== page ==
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  5. What is IRS Form 1040 Schedule 3?

What is IRS Form 1040 Schedule 3?

Updated for Tax Year 2020 / July 27, 2021 09:54 AM


OVERVIEW

Form 1040 isn't as long as it used to be, thanks to a few new schedules. This article provides guidance for filling out Schedule 3 and explains which taxpayers may need to use it.


For information on the third coronavirus relief package, please visit our “American Rescue Plan: What Does it Mean for You and a Third Stimulus Check” blog post.


 

Form 1040 may be the first form you think about when it's time to file a tax return, but depending on your specific tax situation, it's likely that you may have to attach one or more additional forms and schedules to your return. One of these forms may be Form 1040 Schedule 3, which lists additional credits you might be able to claim as well as some payments that will get applied to your tax bill. Let's take a closer look at what this form is and what it entails.

What is IRS Form 1040 Schedule 3?

In 2018, the IRS and the Treasury Department redesigned Form 1040 with simplification as the goal. For example, instead of choosing between three different versions of Form 1040 — the original and two pared-down versions, Form 1040A and Form 1040-EZ — every taxpayer will use Form 1040. Then, taxpayers with more involved returns attach extra schedules as needed.

The redesign didn't reduce the information taxpayers need to report to the IRS — it simply moved some less common lines off of the main Form 1040 and onto a new set of schedules.

Initially, there were six new schedules, but the IRS has since consolidated these down to three:

  • Schedule 1 for additional income and "above the line" deductions
  • Schedule 2 for additional taxes
  • Schedule 3 for additional credits and payments

Schedule 3 includes two main sections: nonrefundable credits, and other payments and refundable credits.

Part I: Nonrefundable Credits

The previous version of Form 1040 had a handful of lines for reporting various tax credits. Now, only a few tax credits have their own lines on Form 1040, including:

The remaining credits go on Schedule 3, and Part I is for nonrefundable credits specifically.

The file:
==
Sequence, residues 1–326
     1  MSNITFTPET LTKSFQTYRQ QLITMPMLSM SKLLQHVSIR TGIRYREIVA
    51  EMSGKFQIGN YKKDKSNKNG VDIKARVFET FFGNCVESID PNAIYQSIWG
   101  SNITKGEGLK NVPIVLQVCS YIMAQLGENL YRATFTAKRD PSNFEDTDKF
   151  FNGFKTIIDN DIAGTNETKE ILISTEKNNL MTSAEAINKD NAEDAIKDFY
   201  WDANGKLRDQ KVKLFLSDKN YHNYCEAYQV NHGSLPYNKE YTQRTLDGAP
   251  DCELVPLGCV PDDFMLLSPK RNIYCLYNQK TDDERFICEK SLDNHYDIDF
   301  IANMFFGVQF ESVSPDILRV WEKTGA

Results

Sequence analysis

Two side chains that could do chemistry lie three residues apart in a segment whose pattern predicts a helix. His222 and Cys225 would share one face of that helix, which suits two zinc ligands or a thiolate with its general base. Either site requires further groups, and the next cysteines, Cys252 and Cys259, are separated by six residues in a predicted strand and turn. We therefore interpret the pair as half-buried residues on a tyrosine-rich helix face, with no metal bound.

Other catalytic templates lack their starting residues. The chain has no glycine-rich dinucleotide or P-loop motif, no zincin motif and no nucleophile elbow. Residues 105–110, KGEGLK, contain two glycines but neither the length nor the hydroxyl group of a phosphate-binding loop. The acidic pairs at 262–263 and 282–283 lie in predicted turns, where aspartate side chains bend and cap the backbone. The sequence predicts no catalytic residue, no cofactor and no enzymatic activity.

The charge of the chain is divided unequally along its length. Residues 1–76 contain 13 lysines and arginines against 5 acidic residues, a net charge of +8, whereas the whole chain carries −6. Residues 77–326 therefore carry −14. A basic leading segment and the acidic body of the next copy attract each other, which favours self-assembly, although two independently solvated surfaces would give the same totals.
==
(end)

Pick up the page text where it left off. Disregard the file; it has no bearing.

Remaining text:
Nonrefundable credits can reduce your tax bill to zero, but they can't get you a refund beyond the amount you paid via withholding or estimated taxes. The nonrefundable credits on Schedule 3 include:

Line 6 of the 2020 Schedule 3 is a catchall for other less common credits, including:

Looking down the lines of Schedule 3, you may notice that some of these credits also require an additional form or schedule. For example, if you claim the foreign tax credit, you may also need to attach Form 1116 to your return. If you claim any education credits, you'll also need Form 8863. Those forms didn't go away — you just report the amounts from those forms and schedules on Schedule 3 and then report the total of these on Form 1040.

Part II: Other Payments and Refundable Credits

Part II of Schedule 3 is for reporting other taxes you might have paid in addition to withholding and estimated tax payments. These include:

  • Amounts paid with your extension request
  • Excess Social Security tax withheld (which typically impacts people who have more than one job)

Part II is also where you report other refundable credits that don't have their own lines on Form 1040. Refundable credits are very similar to tax payments you made since they can get you a refund even if you don't owe any tax. The refundable credits on Schedule 3 include:

There's also a catchall line for other credits and tax payments that don't fit anywhere else.

Who needs to file Form 1040 Schedule 3?

Not everyone needs to file Schedule 3 with their federal income tax return. You only need to file Schedule 3 if you're claiming any of the tax credits or made any of the tax payments mentioned above.

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